Jegichagi

Jegichagi

Headword

제기차기 ( Jegi Chagi )

Location of the encyclopedia

Korean Folk Arts > Folk Games

Writer SonJungsoo(孫正洙)

A game kicking a jegi, a coin with a hole in the middle, wrapped in silk cloth or hanji, into the air with one’s foot. The two ends of the silk or paper are threaded into the hole and torn into a number of tassels.

Jegichagi (a form of hacky sack) is one of the winter pastimes, primarily enjoyed among young Korean boys around the Lunar New Year. Although the game is mostly played by children, in the past, it used to be played by young adults, as well as the middle-aged.

There are various ways to enjoy this game. One can enjoy Jegichagi alone, or among multiple players gathering around to enjoy Jegichagi together. Methods of game play include Ttanggangaji (plain Jegichagi), where the kicking foot touches the ground for every kick; Eogichagi, where both feet are used alternately for kicking; and Heollaengi, where the foot kicking a jegi remains in the air without touching the ground. Other variations go on to include Dwitbalchagi, where players use the top lateral side of the foot to kick a jegi up in air; Muljigi, where the player continuously kicks a jegi and catches it in the mouth; Kijigi, where the player hoists the jegi in such a way that must be higher than the kicker’s height; Mureupchagi, where the player kicks a jegi with his knee; Eonjigi, where the player kicks a jegi to place it on his head, before dropping it again to keep kicking. Jegichagi can be played individually, or two to four players can form teams to compete. There are other ways for two players or more to kick a jegi as a team. Typically, players will decide upon a type of game play prior to engaging in the game, while another variation called, Samsegaji, was also enjoyed, involving multiple rounds of playing different variations before tallying up a total score.

Playing Jegichagi develops focus as well as physical fitness. Players need to maintain balance for a long period upon one foot, while moving swiftly and accurately. Thus, the game is very helpful in developing leg muscles, as well as full body movement. Also, this is a game based on pure skill, without any room for trickery. Everyone could readily play Jegichagi because a yeopjeon (an old brass coin), or a coin and paper, were the only required materials needed to play.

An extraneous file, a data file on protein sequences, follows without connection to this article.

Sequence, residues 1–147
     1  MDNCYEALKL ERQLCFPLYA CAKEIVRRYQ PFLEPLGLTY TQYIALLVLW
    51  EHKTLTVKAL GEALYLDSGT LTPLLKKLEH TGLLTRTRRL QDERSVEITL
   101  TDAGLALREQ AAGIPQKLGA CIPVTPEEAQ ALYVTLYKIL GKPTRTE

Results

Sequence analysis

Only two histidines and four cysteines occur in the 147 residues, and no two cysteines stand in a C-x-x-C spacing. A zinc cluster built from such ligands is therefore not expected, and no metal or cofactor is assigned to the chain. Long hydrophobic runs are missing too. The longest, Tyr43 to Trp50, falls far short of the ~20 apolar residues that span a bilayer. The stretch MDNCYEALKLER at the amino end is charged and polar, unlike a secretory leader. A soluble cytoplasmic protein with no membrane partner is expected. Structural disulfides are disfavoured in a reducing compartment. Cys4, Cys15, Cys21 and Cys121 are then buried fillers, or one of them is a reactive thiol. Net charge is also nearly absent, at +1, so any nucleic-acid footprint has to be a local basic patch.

Jegichagi

Jegichagi
Headword

제기차기 ( Jegi Chagi )

Location of the encyclopedia

Korean Folk Arts > Folk Games

Writer SonJungsoo(孫正洙)

A game kicking a jegi, a coin with a hole in the middle, wrapped in silk cloth or hanji, into the air with one’s foot. The two ends of the silk or paper are threaded into the hole and torn into a number of tassels.

Jegichagi (a form of hacky sack) is one of the winter pastimes, primarily enjoyed among young Korean boys around the Lunar New Year. Although the game is mostly played by children, in the past, it used to be played by young adults, as well as the middle-aged.

There are various ways to enjoy this game. One can enjoy Jegichagi alone, or among multiple players gathering around to enjoy Jegichagi together. Methods of game play include Ttanggangaji (plain Jegichagi), where the kicking foot touches the ground for every kick; Eogichagi, where both feet are used alternately for kicking; and Heollaengi, where the foot kicking a jegi remains in the air without touching the ground. Other variations go on to include Dwitbalchagi, where players use the top lateral side of the foot to kick a jegi up in air; Muljigi, where the player continuously kicks a jegi and catches it in the mouth; Kijigi, where the player hoists the jegi in such a way that must be higher than the kicker’s height; Mureupchagi, where the player kicks a jegi with his knee; Eonjigi, where the player kicks a jegi to place it on his head, before dropping it again to keep kicking. Jegichagi can be played individually, or two to four players can form teams to compete. There are other ways for two players or more to kick a jegi as a team. Typically, players will decide upon a type of game play prior to engaging in the game, while another variation called, Samsegaji, was also enjoyed, involving multiple rounds of playing different variations before tallying up a total score.

Playing Jegichagi develops focus as well as physical fitness. Players need to maintain balance for a long period upon one foot, while moving swiftly and accurately. Thus, the game is very helpful in developing leg muscles, as well as full body movement. Also, this is a game based on pure skill, without any room for trickery. Everyone could readily play Jegichagi because a yeopjeon (an old brass coin), or a coin and paper, were the only required materials needed to play.